BCFC: Talking Takeovers

Despite the best efforts of Millwall fans to storm the Kop on Saturday, I think the biggest Birmingham City news over the last few days has been rumours of the club being sold. While rumours of buyers making bids are always out there, this bit of gossip seemed to gain life of its own online.

St Andrew's taken 26 December 2018

As with many rumours, it started with a tweet. This rumour came from a tweet (since deleted) posted by Blues Collective on Friday evening.

I tweeted on Friday that I didn’t believe the rumour myself, and my continued stance that until something is announced to the Hong Kong Stock Exchange by Birmingham Sports Holdings, there really isn’t much to discuss.

While I don’t think people are intentionally sharing incorrect information, I do think there is a need to clarify things properly so people can understand better why I hold the opinions I do, and what facts I am basing them on.

The Rumour

As I have said before, there are always rumours that the club is going to be sold; whether it being posted by “ITK” people on message boards or direct messages spreading through social media like wildfire.

There’s been a few I’ve seen recently. For example, the unnamed businessmen who were behind the story I published about Sammy Yu and Matt Southall resurfaced in my DMs on Twitter recently, along with someone messaging me about Laurence “Bankrupt Baz” Bassini.

Those kinds of rumours are pretty easy to quash, because the people involved are chancers and tend to make wild claims which are easy to disprove.

The rumour tweeted by Blues Collective wasn’t like that however. There was no real detail; no real information bar that Craig Gardner was working his socks off to fix the ownership situation.

Unfortunately, the tweet wasn’t the first time I heard that particular story.

I was contacted by Craig Gardner by phone multiple times last week, with the same narrative every time.

Gardner told me that he was doing everything he could to improve the situation at the club and that he had convinced “the owners” to sell the club, and that good news was coming soon.

I told him then what I’m going to say here and now – that I didn’t believe him.

It’s not that I think Gardner is a liar, or even that I don’t think he’s trying hard to do right by the club; it’s more that I think it would be very difficult for Gardner to get an argument across to the owners of the club (rather than the board), let alone convince them.

I’m always cautious about information I share, and there was no way I was going to share what he told me on this website without anything to back it up.

I know I’m not alone in making this kind of decision either; there have been other people who were told similar by Gardner who refused to then make it public.

I didn’t make that decision because I want to keep secrets to myself. I made it because I want to ensure that I maintain a reputation for being objective in what I say about the ownership situation at Birmingham City.

Do the owners want to sell the club?

This for me is the big question – and one I don’t think anyone (including me) knows the answer to.

It’s hard to know what the intentions of the owners are at the best of times without claiming to understand if they’ve decided now is the time to get out.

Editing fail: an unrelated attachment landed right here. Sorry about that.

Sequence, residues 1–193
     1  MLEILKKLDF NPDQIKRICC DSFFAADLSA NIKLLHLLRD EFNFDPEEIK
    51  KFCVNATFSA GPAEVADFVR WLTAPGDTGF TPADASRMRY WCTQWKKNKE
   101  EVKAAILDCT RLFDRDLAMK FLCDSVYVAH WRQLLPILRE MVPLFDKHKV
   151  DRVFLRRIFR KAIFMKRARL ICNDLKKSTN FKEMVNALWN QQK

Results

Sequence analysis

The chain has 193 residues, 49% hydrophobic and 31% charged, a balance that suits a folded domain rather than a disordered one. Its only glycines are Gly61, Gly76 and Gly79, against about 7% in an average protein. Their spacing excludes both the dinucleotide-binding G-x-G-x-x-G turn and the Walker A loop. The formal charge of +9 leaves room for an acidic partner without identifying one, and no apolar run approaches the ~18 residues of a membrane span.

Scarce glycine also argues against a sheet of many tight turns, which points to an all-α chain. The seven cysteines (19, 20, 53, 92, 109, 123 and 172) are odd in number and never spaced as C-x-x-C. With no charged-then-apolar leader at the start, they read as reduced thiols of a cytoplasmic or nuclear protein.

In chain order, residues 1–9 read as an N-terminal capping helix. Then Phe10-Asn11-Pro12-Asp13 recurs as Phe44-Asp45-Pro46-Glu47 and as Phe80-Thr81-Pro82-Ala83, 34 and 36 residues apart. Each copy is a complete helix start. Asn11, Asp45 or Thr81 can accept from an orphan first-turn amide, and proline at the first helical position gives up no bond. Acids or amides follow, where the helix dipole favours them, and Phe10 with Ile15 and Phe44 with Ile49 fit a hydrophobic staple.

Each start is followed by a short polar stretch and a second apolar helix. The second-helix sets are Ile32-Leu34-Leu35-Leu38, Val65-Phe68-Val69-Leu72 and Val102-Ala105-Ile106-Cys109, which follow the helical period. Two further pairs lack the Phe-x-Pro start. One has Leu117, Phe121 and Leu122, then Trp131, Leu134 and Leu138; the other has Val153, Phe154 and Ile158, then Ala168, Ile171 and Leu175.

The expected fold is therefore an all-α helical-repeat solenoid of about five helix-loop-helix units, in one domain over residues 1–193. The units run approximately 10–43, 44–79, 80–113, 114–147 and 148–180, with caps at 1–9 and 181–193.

All we can do is examine the evidence in front of us and come to our own conclusions.

Take Paul Suen Cho Hung for example.

He owns 28.12% of BSH, and a tiny direct stake in Birmingham City plc too, both of which are held via his British Virgin Islands investment holding company Trillion Trophy Asia.

Suen has been fairly quiet in recent months, and it’s harder to understand what his current financial situation is like.

However, there are some dealings which might help us to understand.

For example, at the end of last year Suen invested in a London Stock Exchange listed company called Playtech PLC, buying over 14 million shares in the company building up a 4.61% stake.

This was apparently in advance of a takeover bid being made by Hong Kong businesswoman Karen Lo, which has yet to materialise. However, Playtech turned down another bid from a company called Aristocrat worth 680p a share, and since then the shares have dropped around 15% in price.

This has had a massive effect on Suen, who has lost maybe £21m in the last few months, with shares trading at 550.69p per share at close on Friday.

This means Suen has the choice of either cashing out now and taking a huge loss or holding onto his stake in the faint hope that it will climb again, tying up £70m+ of his cash.

Now it could be that Suen has a rakeload of cash elsewhere and he can sit it out; but it’s also possible this is hurting him and he wants out.  Without knowing his full situation, it’s impossible to know.

Likewise, the elusive Mr King aka Wang Yaohui has had some tough times of late.

Take the mobile phone business in Cambodia, South East Asia Telecom Group (SEATEL). I’ve mentioned before that their accounts were horrific, but it appears that things are even worse than duff accounts.

I’ve seen details of a lawsuit against that company for US$100M+, which I think will be very difficult to defend. The word in Cambodia is that the cell towers built by SEATEL are being forcibly taken down due to interference issues, which has caused further financial problems.